Medical insurance open enrollment (the annual period where you can enroll in major medical health insurance plans), begins November 1, 2020 and will remain open for 45 days, or until December 15. For someone looking to change or add coverage, this offers a short window of time to decide on and select your health insurance plan. Open enrollment also provides an opportunity to review your current plan and health situation.
Before rushing a decision to meet this deadline, take some time now to review and prepare. Below we’ve rounded up our top tips for choosing the right health insurance plan for you and your family’s needs.
Who Should Utilize Open Enrollment?
The Open Enrollment Period is for anyone looking to make a change to their health insurance coverage, whether through their workplace or the federal market. This could include looking for a cheaper plan with similar coverage, gaining coverage if you previously had none or changing your coverage altogether to better meet your needs.
Tip #1: Assess Your Current Costs
Each year during open enrollment it is a good idea to review your healthcare-related expenses from the past year. Take a look at how much you’re currently paying per month for your plan premium as well as what sort of out-of-pocket expenses you paid over the past 12 months.
These could include:
- Routine doctor’s visits
- Specialist visits
- Emergency room or urgent care visits
Unless you foresee any major changes in the coming year, such as pregnancy or preplanned surgeries, this could be a helpful indicator when it comes to determining what type of coverage will be cost-effective and appropriate for you.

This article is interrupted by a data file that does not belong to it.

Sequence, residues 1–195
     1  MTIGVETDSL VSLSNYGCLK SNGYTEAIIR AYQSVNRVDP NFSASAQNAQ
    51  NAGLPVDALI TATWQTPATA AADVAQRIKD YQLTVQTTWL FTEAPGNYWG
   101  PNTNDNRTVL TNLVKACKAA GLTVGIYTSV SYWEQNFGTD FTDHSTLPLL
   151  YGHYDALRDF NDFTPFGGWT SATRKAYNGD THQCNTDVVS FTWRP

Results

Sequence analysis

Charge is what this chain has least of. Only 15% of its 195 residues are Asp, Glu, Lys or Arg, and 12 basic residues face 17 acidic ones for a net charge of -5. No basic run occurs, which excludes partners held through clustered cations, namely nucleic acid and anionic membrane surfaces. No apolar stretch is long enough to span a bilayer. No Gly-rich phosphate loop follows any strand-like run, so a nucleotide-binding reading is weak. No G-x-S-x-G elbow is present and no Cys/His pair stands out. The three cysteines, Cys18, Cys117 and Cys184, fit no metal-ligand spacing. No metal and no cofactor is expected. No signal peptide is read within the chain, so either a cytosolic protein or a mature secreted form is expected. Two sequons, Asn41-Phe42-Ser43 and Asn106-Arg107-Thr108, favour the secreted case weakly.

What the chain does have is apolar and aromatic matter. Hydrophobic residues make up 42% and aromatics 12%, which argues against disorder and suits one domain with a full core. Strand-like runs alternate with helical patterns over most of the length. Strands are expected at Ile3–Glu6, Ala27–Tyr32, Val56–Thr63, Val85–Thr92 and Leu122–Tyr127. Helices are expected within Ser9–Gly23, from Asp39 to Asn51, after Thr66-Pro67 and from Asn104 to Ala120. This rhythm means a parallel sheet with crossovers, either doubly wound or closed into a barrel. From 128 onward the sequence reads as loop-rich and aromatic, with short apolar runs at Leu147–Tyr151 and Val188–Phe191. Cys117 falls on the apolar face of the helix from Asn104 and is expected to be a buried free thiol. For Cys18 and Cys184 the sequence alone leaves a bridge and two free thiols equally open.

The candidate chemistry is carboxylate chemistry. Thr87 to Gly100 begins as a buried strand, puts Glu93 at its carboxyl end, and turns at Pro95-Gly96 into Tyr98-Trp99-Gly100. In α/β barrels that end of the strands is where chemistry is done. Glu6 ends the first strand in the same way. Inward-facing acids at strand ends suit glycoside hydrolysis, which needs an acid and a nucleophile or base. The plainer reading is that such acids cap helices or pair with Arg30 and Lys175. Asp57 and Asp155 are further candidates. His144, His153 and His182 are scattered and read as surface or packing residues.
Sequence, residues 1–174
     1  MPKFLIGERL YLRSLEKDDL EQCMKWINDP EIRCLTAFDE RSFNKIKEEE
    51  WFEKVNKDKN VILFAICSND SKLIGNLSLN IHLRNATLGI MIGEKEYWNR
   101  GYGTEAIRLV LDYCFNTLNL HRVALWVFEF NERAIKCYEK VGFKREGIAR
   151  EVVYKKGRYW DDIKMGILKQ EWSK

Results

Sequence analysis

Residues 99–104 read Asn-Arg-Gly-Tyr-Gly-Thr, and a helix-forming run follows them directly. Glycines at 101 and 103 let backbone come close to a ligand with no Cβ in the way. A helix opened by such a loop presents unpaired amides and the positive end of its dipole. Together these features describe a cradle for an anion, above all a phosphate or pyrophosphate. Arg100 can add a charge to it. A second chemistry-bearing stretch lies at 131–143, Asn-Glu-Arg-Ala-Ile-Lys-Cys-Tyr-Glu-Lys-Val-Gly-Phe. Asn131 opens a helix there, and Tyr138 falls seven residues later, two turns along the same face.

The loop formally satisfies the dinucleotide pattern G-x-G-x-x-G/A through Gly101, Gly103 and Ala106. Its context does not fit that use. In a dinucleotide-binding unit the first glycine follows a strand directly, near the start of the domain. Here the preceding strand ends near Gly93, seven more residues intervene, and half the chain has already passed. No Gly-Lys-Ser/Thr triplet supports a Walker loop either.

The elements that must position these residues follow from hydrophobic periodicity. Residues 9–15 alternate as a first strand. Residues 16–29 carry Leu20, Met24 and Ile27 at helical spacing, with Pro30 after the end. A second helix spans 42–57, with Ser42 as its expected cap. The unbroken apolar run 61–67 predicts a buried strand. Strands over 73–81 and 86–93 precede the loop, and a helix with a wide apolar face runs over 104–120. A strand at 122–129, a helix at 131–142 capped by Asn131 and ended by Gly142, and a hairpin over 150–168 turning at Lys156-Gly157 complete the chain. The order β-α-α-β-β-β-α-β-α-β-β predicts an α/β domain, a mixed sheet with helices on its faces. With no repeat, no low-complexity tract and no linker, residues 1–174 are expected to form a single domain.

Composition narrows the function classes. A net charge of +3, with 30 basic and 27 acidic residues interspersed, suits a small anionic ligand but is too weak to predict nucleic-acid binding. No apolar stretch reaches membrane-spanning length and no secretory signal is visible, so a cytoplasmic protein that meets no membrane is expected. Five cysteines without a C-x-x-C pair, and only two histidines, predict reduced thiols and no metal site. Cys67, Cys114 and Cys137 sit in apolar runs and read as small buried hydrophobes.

If you found your out-of-pocket expenses to be high, now’s your opportunity to search for a plan with lower deductibles, although your monthly premiums will likely rise. Alternatively, if you found that you had minimal visits to the doctor, few prescription costs, and low total out-of-pocket expenses, you could consider plans with higher deductibles to lower your monthly premiums.
Tip #2: Choose Your Marketplace
You’ll may be able to gain coverage through several marketplaces including:
- Your or your spouse’s workplace
- Federal marketplace
- Local or state marketplace
- Private exchange
- Directly through insurance providers
If you have the option to gain coverage through your employer, this will likely provide you with the lowest premiums. That’s because your employer often pays a portion of the premium, which tends to be lower anyway as a result of group coverage.
If your employer does not provide healthcare coverage or you wish to look elsewhere for it, you can purchase coverage through the federal or state marketplace. You’ll start at HealthCare.gov, which will then direct you to your state’s marketplace (if applicable). While premiums are likely to be higher than coverage through an employer, you may be eligible for premium tax credits to help offset the monthly cost.
Tip #3: Decipher Your Available Plan Types
There are four common types of health insurance plans you’ll come across when selecting coverage: HMO, PPO, POS, EPO. An option to consider within each type is a HDHP with a HSA.
Health Maintenance Organization (HMO)
Pros: HMOs tend to have lower monthly premium costs and out-of-pocket costs as compared to other plan types.
Cons: You’re typically limited to seeing providers only in your network, and these must be coordinated by your primary care provider (unless it’s an emergency). This gives you less overall flexibility.
Preferred Provider Organization (PPO)
Pros: PPOs offer the user more freedom when it comes to choosing healthcare providers and specialists. You can see people outside of your coverage network, although this will typically result in higher out-of-pocket costs. However, you typically will not need a referral from your primary care provider to make appointments with specialists.